My early developmental experience included growing up on a farm in the Waikato. Although I enjoyed helping to care for the calves, lambs, piglets, chickens, puppies, and kittens, I never wanted to become a farmer. Animal handling practices at the time were not always baby-friendly, and some were cruel. It is reassuring that the practice has improved to some extent.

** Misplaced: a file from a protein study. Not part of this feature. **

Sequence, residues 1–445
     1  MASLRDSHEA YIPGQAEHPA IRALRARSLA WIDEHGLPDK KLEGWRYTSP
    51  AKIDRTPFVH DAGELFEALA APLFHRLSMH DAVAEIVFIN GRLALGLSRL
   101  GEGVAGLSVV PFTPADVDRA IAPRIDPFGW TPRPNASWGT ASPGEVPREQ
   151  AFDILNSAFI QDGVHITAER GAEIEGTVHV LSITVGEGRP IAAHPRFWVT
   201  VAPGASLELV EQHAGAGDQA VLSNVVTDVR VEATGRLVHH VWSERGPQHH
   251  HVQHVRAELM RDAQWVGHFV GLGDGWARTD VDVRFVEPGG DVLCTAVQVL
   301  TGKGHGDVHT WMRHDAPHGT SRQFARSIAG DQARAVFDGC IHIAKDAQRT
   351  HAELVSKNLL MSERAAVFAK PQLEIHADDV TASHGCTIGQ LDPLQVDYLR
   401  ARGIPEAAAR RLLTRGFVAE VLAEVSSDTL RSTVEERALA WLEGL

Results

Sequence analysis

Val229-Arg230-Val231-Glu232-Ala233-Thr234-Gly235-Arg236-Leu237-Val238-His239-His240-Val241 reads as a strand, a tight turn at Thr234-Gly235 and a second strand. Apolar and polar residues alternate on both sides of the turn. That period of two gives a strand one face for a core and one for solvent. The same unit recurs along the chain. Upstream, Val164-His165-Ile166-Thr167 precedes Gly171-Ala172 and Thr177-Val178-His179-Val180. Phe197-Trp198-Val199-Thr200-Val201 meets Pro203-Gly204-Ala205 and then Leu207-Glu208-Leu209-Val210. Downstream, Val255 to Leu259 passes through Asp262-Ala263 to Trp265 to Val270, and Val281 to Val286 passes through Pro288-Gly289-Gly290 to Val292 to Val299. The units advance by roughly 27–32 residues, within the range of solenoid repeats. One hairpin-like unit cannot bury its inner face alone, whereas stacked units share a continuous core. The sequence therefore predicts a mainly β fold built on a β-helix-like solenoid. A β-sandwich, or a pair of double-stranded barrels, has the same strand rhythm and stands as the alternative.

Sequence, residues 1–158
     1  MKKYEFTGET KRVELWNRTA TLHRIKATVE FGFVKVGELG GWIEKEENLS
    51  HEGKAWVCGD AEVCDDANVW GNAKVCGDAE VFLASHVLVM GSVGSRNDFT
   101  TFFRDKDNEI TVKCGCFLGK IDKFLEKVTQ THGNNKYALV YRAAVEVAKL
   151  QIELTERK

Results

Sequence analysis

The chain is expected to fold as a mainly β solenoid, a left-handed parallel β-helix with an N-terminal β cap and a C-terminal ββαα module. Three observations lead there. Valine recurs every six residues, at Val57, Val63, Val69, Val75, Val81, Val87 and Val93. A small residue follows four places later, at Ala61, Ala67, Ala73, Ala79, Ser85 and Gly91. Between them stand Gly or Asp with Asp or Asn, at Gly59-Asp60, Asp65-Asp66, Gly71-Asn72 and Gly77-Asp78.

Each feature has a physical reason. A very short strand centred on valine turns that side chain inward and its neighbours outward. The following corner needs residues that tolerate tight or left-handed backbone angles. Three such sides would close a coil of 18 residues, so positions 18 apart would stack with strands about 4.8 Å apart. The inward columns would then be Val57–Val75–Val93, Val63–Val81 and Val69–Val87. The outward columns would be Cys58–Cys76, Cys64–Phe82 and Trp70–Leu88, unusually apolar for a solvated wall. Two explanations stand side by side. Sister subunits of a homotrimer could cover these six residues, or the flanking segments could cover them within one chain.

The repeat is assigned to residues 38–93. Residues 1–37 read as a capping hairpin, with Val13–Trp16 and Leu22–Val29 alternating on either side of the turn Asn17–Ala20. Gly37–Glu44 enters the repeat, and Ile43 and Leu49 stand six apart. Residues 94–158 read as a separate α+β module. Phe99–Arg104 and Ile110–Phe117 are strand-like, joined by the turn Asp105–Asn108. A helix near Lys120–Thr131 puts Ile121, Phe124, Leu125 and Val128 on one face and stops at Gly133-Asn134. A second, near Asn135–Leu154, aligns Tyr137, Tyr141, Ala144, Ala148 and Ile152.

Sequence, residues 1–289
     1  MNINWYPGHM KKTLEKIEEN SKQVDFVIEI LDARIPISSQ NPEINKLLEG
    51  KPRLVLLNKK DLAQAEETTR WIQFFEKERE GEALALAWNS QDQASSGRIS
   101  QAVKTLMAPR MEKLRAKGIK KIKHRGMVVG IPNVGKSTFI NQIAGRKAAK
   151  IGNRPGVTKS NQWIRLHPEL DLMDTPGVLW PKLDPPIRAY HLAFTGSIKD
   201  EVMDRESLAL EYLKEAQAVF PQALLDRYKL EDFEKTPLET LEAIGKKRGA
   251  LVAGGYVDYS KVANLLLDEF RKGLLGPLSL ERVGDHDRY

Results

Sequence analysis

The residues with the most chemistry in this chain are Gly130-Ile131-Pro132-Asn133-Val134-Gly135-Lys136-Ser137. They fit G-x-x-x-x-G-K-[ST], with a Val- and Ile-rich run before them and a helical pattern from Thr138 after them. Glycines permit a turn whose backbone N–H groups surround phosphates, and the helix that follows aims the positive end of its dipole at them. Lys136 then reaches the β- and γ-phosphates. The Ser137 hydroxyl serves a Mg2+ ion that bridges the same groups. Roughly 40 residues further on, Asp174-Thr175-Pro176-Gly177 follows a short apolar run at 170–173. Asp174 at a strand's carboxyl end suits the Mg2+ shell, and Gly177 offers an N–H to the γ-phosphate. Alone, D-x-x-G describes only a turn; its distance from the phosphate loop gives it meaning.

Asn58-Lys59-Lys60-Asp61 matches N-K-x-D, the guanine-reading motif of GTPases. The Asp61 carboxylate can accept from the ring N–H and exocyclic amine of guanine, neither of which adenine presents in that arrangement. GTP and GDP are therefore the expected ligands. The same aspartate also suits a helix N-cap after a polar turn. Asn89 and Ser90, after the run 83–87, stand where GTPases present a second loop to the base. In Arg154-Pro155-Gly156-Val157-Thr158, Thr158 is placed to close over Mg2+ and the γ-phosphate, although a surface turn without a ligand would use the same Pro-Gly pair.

Instead of farming I was able to follow my older brother’s footsteps to New Zealand’s then only medical school at Otago. Despite the distance and the hazards of hitchhiking as the main form of travel, it was usual to return to the home farm during term holidays. Here I was able to be involved with the observations made by my paediatrician brother-in-law, Ross Howie, on the respiratory distress syndrome experienced by pre-term lambs in the makeshift “intensive care unit” in our woolshed. Along with Obstetrician Mont Liggins, also from Auckland, who discovered the maturing effect of maternally-given antenatal steroids on fetal lamb lungs, he went on to conduct the first randomised control trial of this intervention in humans. This practice which is now standard worldwide has saved many thousands of lives. While I was a medical student it was inspiring to be on the periphery of this ground-breaking research.